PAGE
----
I was recently hospitalised- not with Covid-19 .  Now sitting at home slowly recovering I am putting pen to paper to trace my life back from when I  went to the Royal Technical College.
I was among the first batch of students who joined the Royal Technical College of East Africa in May 1956. I enrolled in the Faculty of Architecture and was there until term ending 1959 when I started working for Vamos and Partners Architects.



Where do I begin? For this purpose, I guess my acceptance at the Royal Technical College of East Africa in Nairobi in May 1956, in the Department of Architecture.

As this was a new university, and we were the first batch of students with a new group of Professors and Lecturers from England, the university decided that we should all arrive at the university a couple of months early. This would accustom us to university life and get us to meet the professors and lecturers that would be guiding us in the next five years in our chosen profession.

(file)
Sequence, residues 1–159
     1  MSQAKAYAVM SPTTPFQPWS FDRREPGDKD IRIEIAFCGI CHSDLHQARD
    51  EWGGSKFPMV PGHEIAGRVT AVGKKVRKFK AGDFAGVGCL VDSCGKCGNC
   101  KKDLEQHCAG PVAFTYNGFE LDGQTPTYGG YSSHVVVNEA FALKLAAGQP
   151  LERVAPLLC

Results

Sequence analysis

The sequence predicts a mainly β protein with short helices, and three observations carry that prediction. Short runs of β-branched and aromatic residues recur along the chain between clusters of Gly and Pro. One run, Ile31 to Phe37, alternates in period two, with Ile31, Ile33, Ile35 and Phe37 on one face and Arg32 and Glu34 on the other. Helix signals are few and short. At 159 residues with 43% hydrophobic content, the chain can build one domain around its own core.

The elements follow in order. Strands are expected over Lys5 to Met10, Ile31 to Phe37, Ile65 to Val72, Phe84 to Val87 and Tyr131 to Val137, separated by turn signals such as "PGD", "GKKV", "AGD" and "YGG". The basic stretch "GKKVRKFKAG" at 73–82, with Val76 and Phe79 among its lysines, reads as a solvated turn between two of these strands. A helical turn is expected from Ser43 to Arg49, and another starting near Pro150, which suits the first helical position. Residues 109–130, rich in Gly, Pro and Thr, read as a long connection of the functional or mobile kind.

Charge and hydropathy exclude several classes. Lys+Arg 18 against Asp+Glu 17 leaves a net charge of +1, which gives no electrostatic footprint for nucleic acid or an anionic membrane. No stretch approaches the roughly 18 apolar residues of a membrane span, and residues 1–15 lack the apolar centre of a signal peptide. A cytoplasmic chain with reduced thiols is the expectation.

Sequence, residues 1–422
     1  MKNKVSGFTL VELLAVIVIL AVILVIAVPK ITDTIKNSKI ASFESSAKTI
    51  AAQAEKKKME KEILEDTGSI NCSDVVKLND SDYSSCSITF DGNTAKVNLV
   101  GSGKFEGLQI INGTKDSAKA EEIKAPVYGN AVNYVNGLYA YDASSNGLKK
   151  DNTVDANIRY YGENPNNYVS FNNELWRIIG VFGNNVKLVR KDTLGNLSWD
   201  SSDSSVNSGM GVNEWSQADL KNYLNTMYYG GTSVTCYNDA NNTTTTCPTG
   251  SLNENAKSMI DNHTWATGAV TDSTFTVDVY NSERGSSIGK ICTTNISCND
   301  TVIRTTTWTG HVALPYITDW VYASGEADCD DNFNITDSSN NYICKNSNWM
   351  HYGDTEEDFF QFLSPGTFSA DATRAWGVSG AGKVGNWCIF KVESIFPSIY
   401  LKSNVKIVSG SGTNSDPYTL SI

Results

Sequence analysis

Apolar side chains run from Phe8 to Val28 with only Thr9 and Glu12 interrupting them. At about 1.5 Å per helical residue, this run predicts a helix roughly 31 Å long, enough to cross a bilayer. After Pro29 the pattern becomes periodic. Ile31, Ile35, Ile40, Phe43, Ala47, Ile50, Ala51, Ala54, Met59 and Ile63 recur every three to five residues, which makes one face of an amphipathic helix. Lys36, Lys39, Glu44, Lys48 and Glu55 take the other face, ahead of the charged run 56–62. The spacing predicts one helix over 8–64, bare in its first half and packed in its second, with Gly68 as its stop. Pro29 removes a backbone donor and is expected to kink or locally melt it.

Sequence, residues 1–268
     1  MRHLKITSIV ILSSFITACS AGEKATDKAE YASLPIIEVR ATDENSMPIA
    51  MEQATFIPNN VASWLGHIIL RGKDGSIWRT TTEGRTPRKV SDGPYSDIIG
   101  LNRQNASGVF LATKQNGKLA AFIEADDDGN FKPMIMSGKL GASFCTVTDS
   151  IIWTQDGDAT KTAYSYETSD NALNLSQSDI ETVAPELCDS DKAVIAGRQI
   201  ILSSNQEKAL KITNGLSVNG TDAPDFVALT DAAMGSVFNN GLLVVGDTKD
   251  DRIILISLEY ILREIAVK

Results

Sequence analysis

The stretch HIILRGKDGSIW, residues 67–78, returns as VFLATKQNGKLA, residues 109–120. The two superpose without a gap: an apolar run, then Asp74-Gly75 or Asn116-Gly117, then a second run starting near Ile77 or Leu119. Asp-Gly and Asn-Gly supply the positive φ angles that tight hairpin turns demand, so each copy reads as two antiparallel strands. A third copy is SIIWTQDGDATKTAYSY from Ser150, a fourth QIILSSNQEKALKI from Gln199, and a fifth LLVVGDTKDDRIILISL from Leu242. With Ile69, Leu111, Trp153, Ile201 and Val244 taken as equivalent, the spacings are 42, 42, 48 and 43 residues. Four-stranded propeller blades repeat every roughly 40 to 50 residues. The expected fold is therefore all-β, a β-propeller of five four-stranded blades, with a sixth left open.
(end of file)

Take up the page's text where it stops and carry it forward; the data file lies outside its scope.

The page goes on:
Majority of us were mature students who had completed our schooling a few years earlier; some of us had attended universities and colleges in India for a few years, others had been in the work force, and the rest directly from having finished their schooling ‘still wet behind the ears’.

The two months before the first year was to begin, was mostly all play on the sports field, visits to the university and getting to know one another and our Lecturers.  The syllabus that we would be following would be a course from the Royal Institute of British Architects, with the exam papers set in England and corrected locally and in London. The big problem we were facing was that the syllabus was for conditions in England meaning for snow and winter, and as we were in the tropics this entailed a double study course to be employable locally.

Braz Menezes was in the first batch of students to gain entry to the RTC. He was in the Faculty of Architecture, at the RTC for five years. He has a had a prolific career as an architect in Kenya, a 22 year stint with the World Bank and then, in his retirement as a writer with work like his Matata Trilogy.

 His work was recently chronicled in an article by Milena Marques-Zachariah that appeared in Canadian Chronicles on October 15, 2019 shown below.

Free Joomla templates by L.THEME